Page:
This particular cultivar caused quite a bit of controversy a few years ago. A particular broker/breeder(?) had been claiming that a line they were marketing as the 'Lavender' corn was a new gene, completely different from the 'Mocha' that I was currently working with. This bothered me quite a bit as this sort of information was not possible for anyone else to have. I had never sold ANY of my 'Mochas' knowingly before 1997. NO ONE else could have possibly bred a Mocha to this Lavender line to accurately be able to assess the relationship before at that time (1999). Except me. I bought a few pairs of the 'Lavender' line out of Pennsylvania from Jeff Yohe and bred them and the Mochas together. The results? ALL came out as the same homotype. An occasional amelanistic Lavender here and there, and once in a while an anerythristic, but nothing that would have surprised me. After all, one of the original ancestors of the Mocha/Lavender line was a snow corn.
As further evidence of that frivolous claim, I sent one of my male breeder 'Mochas' to Don Soderberg of South Mountain Reptiles to help him out of a bind when his male he got from that *other* source died on him. I also had in mind that this would be a good test by a non-biased party to breed a direct example from my line to the *other* line. In 2000, Don successfully hatched out one or more (I don't remember the number) babies from this breeding and proved conclusively that they were both the same genetic stock. As far as I am concerned, this matter is closed.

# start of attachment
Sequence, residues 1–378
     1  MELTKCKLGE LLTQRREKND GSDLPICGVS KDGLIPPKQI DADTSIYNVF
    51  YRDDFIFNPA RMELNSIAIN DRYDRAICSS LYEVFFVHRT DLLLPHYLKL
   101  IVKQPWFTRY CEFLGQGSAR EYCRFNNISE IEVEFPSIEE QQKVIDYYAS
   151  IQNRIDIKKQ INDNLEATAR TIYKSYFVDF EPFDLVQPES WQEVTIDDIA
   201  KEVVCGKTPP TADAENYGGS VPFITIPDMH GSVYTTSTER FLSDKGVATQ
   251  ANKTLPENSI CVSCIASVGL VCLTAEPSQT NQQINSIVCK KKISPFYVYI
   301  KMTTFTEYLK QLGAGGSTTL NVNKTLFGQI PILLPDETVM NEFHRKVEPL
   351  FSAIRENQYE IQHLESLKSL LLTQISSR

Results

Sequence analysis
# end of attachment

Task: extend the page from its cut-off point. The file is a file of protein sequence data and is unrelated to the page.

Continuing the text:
Well, back then, I at first resisted the idea of having my name of Mocha (actually coined by my wife based on the original hatchling in 1985, which was a light chocolate brown color) ursurped by the new marketing name being applied to my origination. But to be honest, 'Lavender' is a much more appropriate name and actually is more descriptive of what the adults look like. So swallowing my pride, I thought it best that I just drop the 'Mocha' name, and began calling them 'Lavenders' to help elimnate the confusion sure to develope. Unfortunately that step unleashed another firestorm, but that's another story. I will probably slip up every now and again and still refer to the line as 'Mochas', but for all intents and purposes, the name has been dropped.